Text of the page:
University of St. Thomas School of Law students, Jabari Barner (3L) and Mariam Elrashidi (2L), attended the Minnesota Hispanic Bar Association sponsored CLE; “Diversity on the Bench: The Importance of the Call to Duty,” which was hosted by Lindquist and Vennum on June 25, 2013. The event featured a distinguished panel of judges; Minnesota Supreme Court Associate Justice Wilhelmina Wright, Judge Leonardo Castro, Judge David Piper, and Judge Manuel Cervantes. Jesse Bethke Gomez of the Minnesota Commission on Judicial Selection moderated the event. In addition to his introspective questions to the panel, the information Bethke Gomez shared on many of the factors the commission considers when selecting candidates to recommend to the governor was a highlight of the event. Both Barner and Elrashidi enjoyed the event, saying they gained valuable insights and added contacts to their professional networks.
Elrashidi said the event reiterated the importance of presenting oneself in a professional manner at all times because you never know who is watching you, who you might meet at any given time, or when significant opportunities might be presented. She went on to say that Justice Wright’s idea of setting a “standard of excellence” in all endeavors is something Elrashidi will remember from the event. Elrashidi stressed the importance of students taking advantage of CLEs such as this because although she had heard Justice Wright speak on several previous occasions, this was a wonderful time to formally meet and converse on a personal level.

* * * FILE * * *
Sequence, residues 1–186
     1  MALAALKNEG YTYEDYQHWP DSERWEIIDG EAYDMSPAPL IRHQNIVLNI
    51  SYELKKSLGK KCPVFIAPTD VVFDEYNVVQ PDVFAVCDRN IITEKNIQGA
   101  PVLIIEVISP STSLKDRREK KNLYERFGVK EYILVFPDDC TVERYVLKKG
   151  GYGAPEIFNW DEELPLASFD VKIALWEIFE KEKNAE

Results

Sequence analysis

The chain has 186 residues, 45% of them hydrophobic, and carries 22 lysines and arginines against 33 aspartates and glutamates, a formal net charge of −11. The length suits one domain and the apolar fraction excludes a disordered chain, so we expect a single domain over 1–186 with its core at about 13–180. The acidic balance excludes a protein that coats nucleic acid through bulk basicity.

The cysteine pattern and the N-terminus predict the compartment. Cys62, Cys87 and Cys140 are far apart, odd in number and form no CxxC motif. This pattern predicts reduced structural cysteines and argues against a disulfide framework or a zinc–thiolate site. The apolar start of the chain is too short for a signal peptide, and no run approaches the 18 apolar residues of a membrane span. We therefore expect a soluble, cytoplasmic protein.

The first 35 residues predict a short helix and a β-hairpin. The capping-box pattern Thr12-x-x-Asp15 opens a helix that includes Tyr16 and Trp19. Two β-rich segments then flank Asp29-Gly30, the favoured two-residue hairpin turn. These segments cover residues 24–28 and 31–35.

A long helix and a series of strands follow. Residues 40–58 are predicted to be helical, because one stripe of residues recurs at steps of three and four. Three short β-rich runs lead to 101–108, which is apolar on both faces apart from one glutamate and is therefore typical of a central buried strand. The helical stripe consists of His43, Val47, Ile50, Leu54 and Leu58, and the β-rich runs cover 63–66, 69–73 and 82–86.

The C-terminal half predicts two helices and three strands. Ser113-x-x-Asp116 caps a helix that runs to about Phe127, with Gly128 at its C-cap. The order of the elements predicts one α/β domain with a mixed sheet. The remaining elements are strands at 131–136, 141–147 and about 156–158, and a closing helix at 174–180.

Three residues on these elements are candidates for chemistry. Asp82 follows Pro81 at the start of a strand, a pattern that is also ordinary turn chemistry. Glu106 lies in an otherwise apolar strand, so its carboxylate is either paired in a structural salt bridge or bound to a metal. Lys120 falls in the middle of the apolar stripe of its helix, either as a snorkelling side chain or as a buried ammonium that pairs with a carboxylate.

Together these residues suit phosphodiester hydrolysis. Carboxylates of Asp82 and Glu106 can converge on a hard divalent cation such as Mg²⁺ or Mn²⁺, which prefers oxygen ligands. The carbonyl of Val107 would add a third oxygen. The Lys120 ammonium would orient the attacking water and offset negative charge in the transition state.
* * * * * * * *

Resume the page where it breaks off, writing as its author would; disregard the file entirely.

Barner said he looked forward to connecting with his UST Law faculty mentor, Judge Leonardo Castro, outside of the classroom. Barner said he will remember Judge Castro’s thoughts for people who aspire to be appointed to the bench, students and practicing attorneys alike, that having a reputation as someone who works well with different groups and people to resolve issues in a calm demeanor is key. Barner appreciated Judge Castro’s willingness to introduce him to people such as Judge Manuel Cervantes, who took time after the event to discuss his thoughts on juvenile justice and family law with Barner.
Both Barner and Elrashidi highlighted Judge David Piper’s sentiments, saying his presentation was very honest and practical. His sense of awareness, his thoughts on juvenile justice, and how he approaches the issues presented in his courtroom were interesting, especially when he talked about how he manages his personal feelings and emotional reactions while he does his job.
Overall, Diversity on the Bench was a great event and a fabulous way to get involved with the legal community to meet amazing lawyers, judges, and Supreme Court justices. Barner and Elrashidi cannot stress enough how invaluable CLE events are and the importance of molding your legal career path from the beginning of your first year of law school. Take advantage and seize opportunities that come in your direction, you will be surprised and pleased with the experience and knowledge you have obtained.